The housing crisis is finally in the rearview mirror as the real estate market moves down the road to a complete recovery. Home values are up, home sales are up, and distressed sales (foreclosures & short sales) are at their lowest mark in over 8 years. This has been, and will continue to be, a great year for real estate.
Tuesday, November 15, 2016
Tuesday, November 1, 2016
Are you thinking of buying a home? Are you dreading having to walk through strangers’ houses? Are you concerned about getting the paperwork correct? Hiring a professional real estate agent can take away most of the challenges of buying. A great agent is always worth more than the commission they charge, just like a great doctor or great accountant.
1. Tell the Truth About the Price
2. Understand the Timetable with Which Your Family is Dealing
3. Remove as Many of the Challenges as Possible
4. Find the Right HOUSE!
Good agents know how to deliver good news. Great agents know how to deliver tough news. In today’s market, YOU NEED A GREAT AGENT!
Tuesday, October 4, 2016
The price of any item is determined by the supply of that item, as well as the market demand. The National Association of REALTORS (NAR) surveys “over 50,000 real estate practitioners about their expectations for home sales, prices and market conditions” for their monthly REALTORS Confidence Index.
Buyer DemandThe map below was created after asking the question: “How would your rate buyer traffic in your area?”
The darker the blue, the stronger the demand for homes in that area. Only four states came in with a weak or moderate demand level.
Wednesday, July 27, 2016
According to Bankrate’s latest Financial Security Index Poll, Americans who have money to set aside for the next 10 years would rather invest in real estate than any other type of investment.
“Which would be the best way to invest money you did not need for more than 10 years?”
Sterling White, co-founder of Holdfolio, gave one reason as to why real estate may have ranked so high.
Monday, April 25, 2016
In today’s market, where demand
is outpacing supply in many regions of the country, pricing a house is one of
the biggest challenges real estate professionals face. Sellers often want to
price their home higher than recommended, and many agents go along with the
idea to keep their clients happy. However, the best agents realize that telling
the homeowner the truth is more important than getting the seller to like them.
There is no “later.”
sometimes think, “If the home doesn’t sell for this price, I can always
lower it later.” However, research proves that homes that experience a
listing price reduction sit on the market longer, ultimately selling for less
than similar homes.
recipient of the University Distinguished Faculty Award from
the Eberhardt School of Business at the University of the Pacific,
actually did research on the cost (in both time and money) to a seller who
priced high at the beginning and then lowered their price. His article, Listing
Price, Time on Market and Ultimate Selling Price,published in Real
Estate Economics revealed:
“Homes that underwent a
price revision sold for less, and the greater the revision, the lower the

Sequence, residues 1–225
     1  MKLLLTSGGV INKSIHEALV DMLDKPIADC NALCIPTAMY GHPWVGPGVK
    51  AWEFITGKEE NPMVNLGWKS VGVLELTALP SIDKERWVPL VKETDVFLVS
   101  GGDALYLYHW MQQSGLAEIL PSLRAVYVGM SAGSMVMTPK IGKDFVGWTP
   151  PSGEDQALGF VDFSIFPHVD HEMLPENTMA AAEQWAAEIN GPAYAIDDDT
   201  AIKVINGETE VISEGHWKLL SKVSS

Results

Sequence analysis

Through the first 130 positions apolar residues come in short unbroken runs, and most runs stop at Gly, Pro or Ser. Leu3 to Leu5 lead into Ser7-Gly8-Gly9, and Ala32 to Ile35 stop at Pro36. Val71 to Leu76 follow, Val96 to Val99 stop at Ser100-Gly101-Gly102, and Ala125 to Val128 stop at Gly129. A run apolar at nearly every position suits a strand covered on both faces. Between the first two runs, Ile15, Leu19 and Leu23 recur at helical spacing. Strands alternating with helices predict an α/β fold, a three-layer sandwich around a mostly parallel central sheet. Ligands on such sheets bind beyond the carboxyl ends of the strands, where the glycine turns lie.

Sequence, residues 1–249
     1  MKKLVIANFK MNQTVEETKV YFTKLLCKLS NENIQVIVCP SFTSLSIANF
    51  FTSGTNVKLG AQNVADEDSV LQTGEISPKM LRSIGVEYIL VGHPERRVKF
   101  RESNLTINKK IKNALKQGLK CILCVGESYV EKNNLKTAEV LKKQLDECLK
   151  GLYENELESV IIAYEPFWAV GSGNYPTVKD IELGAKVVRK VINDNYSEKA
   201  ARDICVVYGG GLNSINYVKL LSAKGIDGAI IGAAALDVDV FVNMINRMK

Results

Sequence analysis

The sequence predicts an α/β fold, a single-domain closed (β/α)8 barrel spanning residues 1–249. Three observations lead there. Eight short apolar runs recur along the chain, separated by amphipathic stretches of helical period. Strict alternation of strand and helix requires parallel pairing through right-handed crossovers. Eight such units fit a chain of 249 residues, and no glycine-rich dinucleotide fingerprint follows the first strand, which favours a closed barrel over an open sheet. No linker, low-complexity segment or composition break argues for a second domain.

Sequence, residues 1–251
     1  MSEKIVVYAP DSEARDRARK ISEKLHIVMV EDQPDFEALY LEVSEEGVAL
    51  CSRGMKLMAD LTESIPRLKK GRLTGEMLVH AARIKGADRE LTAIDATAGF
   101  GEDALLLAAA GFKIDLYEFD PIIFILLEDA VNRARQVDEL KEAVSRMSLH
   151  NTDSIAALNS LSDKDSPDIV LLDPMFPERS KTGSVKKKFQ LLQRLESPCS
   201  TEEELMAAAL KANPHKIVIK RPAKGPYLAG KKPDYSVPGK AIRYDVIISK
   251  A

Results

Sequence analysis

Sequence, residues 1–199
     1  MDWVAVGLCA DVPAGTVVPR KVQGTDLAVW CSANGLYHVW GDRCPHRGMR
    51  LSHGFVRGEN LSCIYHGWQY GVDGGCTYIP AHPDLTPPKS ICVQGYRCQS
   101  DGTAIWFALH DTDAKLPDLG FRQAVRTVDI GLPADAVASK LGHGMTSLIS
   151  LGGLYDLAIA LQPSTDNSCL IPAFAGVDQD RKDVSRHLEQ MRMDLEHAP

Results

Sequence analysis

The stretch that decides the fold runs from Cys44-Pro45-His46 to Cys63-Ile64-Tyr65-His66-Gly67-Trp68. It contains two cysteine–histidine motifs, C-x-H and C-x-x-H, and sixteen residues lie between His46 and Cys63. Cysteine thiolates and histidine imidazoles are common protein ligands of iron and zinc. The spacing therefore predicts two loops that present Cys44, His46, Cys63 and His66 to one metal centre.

selling price. Also, the longer the home remains on the market, the lower its
ultimate selling price.”
the “I’ll lower the price later” approach can paint a negative
image in buyers’ minds. Each time a price reduction occurs, buyers can
naturally think, “Something must be wrong with that house.” Then
when a buyer does make an offer, they low-ball the price because they see the
seller as “highly motivated.” Pricing it right from the start
eliminates these challenges.
Don’t build “negotiation room” into the price.
say that they want to price their home high in order to have “negotiation
room.” But, what this actually does is lower the number of potential
buyers that see the house. And we know that limiting demand like this will
negatively impact the sales price of the house.
Not sure about
this? Think of it this way: when a buyer is looking for a home online (as they
are doing more and more often), they put in their desired price range. If your
seller is looking to sell their house for $400,000, but lists it at $425,000 to
build in “negotiation room,” any potential buyers that search
in the $350k-$400k range won’t even know your listing is available, let alone
come see it!
One great way to see this is with
the chart below. The higher you price your home over its market value, the less
potential buyers will actually see your home when searching.
A better strategy would be to price it properly from
the beginning and bring in multiple offers. This forces these buyers to compete
against each other for the to
purchase your house.
Look at it this way: if you only receive one offer,
you are set up in an adversarial position against the prospective buyer. If,
however, you have multiple offers, you have two or more buyers fighting to
please you. Which will result in a better selling situation?
Great pricing comes down to truly understanding the
real estate dynamics in your neighborhood. Look for an agent that will take the
time to simply and effectively explain what is happening in the housing market
and how it applies to your home. You need an agent that will tell you what you
need to know rather than what you want to hear. This will put you in the best
Wednesday, March 23, 2016
revealed that one million borrowers regained equity in their homes in 2015. The outlook for 2016 remains positive as well, as an additional 850,000 properties would regain equity if home prices rose another 5% this year.